Are you someone who has thought about investing in a rehab project? A recent article over on AskaLender.com looks at the process of doing a fix-n-flip and explains the process of buying a fixer-upper, remodeling and/or renovating it and then selling it at a profit. They rightly point out that “it’s important to know what you’re doing when taking on a fix-and-flip project. If you make a mistake, your profitable investment could turn into a costly money pit.” Indeed….always do you due diligence before making any investment.
Doug DeShields, president of the National Real Estate Investors Association, and an active rehabber himself, said he typically looks for homes that were built between 1950 and 1975. “They have good bones, good structure,” he said. “They’re typically brick and we can tend to do well in those houses.” Part of knowing whether a house has “good bones” or not is having some familiarity with what it takes to make necessary repairs, according to DeShields. “You do not have to be the world’s best carpenter,” he said. “You don’t have to swing the hammer one time. But what you need to do is have a good feel for the various aspects. You need to know a little bit about construction, whether you can physically do it or not. You need to know what makes a good property.”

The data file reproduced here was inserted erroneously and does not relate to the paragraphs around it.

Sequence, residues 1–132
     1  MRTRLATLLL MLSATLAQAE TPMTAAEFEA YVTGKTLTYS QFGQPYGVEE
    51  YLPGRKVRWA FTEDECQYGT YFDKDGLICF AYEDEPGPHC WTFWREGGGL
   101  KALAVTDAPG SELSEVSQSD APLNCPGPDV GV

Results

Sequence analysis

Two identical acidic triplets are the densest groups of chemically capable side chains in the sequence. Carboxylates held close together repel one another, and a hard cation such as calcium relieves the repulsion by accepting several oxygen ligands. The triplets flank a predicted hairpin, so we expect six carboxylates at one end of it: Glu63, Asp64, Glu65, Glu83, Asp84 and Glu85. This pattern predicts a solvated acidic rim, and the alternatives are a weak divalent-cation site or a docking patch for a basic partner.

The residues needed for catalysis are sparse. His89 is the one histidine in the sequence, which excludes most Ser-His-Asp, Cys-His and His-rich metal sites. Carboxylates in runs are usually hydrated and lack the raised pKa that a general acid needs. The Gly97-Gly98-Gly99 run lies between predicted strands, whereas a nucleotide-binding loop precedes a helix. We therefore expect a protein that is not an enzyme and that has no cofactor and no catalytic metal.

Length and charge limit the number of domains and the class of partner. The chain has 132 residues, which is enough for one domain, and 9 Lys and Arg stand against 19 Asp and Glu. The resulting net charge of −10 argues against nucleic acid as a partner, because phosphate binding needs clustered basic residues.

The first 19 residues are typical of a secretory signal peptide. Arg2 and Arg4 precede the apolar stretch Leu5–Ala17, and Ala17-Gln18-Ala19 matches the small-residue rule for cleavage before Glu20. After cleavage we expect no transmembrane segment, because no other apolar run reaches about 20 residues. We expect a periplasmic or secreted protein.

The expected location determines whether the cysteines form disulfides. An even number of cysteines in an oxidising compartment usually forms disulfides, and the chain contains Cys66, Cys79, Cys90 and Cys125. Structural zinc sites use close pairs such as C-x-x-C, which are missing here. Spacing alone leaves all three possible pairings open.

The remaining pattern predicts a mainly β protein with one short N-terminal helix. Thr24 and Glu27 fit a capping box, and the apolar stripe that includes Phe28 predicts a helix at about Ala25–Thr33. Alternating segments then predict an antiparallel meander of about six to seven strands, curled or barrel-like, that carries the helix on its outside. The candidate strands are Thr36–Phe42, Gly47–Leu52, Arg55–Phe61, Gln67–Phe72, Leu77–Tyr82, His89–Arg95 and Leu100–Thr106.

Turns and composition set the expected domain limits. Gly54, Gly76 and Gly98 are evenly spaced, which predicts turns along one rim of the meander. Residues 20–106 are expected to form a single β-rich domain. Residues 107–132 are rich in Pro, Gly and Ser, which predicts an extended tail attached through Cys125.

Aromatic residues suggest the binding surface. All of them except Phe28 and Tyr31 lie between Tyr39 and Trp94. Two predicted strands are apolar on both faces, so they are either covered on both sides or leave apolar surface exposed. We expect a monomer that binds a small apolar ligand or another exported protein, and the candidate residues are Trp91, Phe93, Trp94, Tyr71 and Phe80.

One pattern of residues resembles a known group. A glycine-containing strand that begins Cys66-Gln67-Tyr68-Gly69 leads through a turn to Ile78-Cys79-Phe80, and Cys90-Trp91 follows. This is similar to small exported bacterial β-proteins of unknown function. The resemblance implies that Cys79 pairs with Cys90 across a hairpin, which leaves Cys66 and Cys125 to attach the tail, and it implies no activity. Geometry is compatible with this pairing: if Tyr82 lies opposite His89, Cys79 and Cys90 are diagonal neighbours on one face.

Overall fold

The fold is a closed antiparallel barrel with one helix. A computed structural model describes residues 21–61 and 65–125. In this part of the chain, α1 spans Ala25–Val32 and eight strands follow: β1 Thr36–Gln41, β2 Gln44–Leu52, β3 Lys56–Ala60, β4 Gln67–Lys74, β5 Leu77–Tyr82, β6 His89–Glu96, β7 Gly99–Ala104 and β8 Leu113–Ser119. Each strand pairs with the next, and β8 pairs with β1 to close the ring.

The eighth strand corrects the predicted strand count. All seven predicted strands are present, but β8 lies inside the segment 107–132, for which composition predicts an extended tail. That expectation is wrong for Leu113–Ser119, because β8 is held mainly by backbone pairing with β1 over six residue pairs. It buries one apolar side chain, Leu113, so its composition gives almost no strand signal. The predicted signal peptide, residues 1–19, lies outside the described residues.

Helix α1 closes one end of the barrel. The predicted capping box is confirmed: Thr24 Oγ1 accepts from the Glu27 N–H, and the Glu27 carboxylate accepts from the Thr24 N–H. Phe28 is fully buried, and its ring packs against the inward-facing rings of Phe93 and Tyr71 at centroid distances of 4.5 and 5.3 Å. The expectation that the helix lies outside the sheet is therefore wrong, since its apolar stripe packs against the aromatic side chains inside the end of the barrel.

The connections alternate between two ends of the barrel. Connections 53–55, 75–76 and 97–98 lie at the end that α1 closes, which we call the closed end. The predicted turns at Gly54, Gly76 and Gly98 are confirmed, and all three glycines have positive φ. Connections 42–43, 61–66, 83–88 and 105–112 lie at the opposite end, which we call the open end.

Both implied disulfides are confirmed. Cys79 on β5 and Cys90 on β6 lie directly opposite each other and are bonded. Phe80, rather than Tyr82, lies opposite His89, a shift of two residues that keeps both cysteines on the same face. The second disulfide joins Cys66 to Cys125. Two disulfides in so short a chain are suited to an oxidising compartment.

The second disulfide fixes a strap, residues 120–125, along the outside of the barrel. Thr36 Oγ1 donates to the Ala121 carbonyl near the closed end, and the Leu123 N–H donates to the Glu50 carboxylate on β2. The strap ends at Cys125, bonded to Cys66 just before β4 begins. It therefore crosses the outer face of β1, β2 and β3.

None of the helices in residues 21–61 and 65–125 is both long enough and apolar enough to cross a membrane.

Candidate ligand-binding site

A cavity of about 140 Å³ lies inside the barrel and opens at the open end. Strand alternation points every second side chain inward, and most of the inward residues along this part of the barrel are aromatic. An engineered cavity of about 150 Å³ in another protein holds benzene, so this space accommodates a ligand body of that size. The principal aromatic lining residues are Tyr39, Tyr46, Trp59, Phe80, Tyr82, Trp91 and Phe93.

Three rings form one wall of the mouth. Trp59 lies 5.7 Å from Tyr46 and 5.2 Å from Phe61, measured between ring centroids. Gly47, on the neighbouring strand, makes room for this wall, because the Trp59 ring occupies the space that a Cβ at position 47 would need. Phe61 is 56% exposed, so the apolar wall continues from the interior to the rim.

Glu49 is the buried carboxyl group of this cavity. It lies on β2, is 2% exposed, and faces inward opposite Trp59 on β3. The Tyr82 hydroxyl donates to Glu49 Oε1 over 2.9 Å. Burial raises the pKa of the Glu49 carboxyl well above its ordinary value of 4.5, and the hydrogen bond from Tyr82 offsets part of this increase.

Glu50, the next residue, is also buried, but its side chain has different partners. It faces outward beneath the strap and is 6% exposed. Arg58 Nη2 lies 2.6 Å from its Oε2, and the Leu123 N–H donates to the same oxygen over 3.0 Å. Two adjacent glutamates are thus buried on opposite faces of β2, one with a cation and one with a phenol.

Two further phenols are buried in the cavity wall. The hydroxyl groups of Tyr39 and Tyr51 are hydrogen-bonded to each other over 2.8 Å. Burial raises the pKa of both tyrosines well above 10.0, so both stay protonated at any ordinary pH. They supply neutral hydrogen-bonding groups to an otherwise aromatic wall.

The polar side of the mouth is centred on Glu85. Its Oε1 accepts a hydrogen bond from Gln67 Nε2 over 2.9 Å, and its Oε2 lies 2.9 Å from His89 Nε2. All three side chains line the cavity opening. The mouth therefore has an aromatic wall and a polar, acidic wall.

- Shoot for 70 percent of the after-repair value (ARV) minus cost of repairs.
- Look for homes with good bones (i.e., a solid structure).
- Choose newer homes for faster, less thorough flips.
- Get all proper permits for repairs or additions.
- When starting out, get a mentor to teach you the ropes.